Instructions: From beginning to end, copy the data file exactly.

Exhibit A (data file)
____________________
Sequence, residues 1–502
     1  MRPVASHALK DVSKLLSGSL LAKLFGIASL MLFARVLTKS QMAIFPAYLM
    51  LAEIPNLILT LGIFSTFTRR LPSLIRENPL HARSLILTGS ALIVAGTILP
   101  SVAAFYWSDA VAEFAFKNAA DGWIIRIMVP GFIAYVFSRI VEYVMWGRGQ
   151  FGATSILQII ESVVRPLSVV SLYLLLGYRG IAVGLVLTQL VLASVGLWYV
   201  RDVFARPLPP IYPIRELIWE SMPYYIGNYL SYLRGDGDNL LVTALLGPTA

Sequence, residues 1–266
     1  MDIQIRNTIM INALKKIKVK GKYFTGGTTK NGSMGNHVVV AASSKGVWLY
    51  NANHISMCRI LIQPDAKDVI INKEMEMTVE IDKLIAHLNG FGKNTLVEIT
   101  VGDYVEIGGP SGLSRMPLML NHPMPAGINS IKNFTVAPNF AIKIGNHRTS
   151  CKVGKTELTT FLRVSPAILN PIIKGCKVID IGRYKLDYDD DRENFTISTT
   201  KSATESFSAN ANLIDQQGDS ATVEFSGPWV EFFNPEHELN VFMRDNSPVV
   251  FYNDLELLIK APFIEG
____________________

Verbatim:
Sequence, residues 1–502
     1  MRPVASHALK DVSKLLSGSL LAKLFGIASL MLFARVLTKS QMAIFPAYLM
    51  LAEIPNLILT LGIFSTFTRR LPSLIRENPL HARSLILTGS ALIVAGTILP
   101  SVAAFYWSDA VAEFAFKNAA DGWIIRIMVP GFIAYVFSRI VEYVMWGRGQ
   151  FGATSILQII ESVVRPLSVV SLYLLLGYRG IAVGLVLTQL VLASVGLWYV
   201  RDVFARPLPP IYPIRELIWE SMPYYIGNYL SYLRGDGDNL LVTALLGPTA

Sequence, residues 1–266
     1  MDIQIRNTIM INALKKIKVK GKYFTGGTTK NGSMGNHVVV AASSKGVWLY
    51  NANHISMCRI LIQPDAKDVI INKEMEMTVE IDKLIAHLNG FGKNTLVEIT
   101  VGDYVEIGGP SGLSRMPLML NHPMPAGINS IKNFTVAPNF AIKIGNHRTS
   151  CKVGKTELTT FLRVSPAILN PIIKGCKVID IGRYKLDYDD DRENFTISTT
   201  KSATESFSAN ANLIDQQGDS ATVEFSGPWV EFFNPEHELN VFMRDNSPVV
   251  FYNDLELLIK APFIEG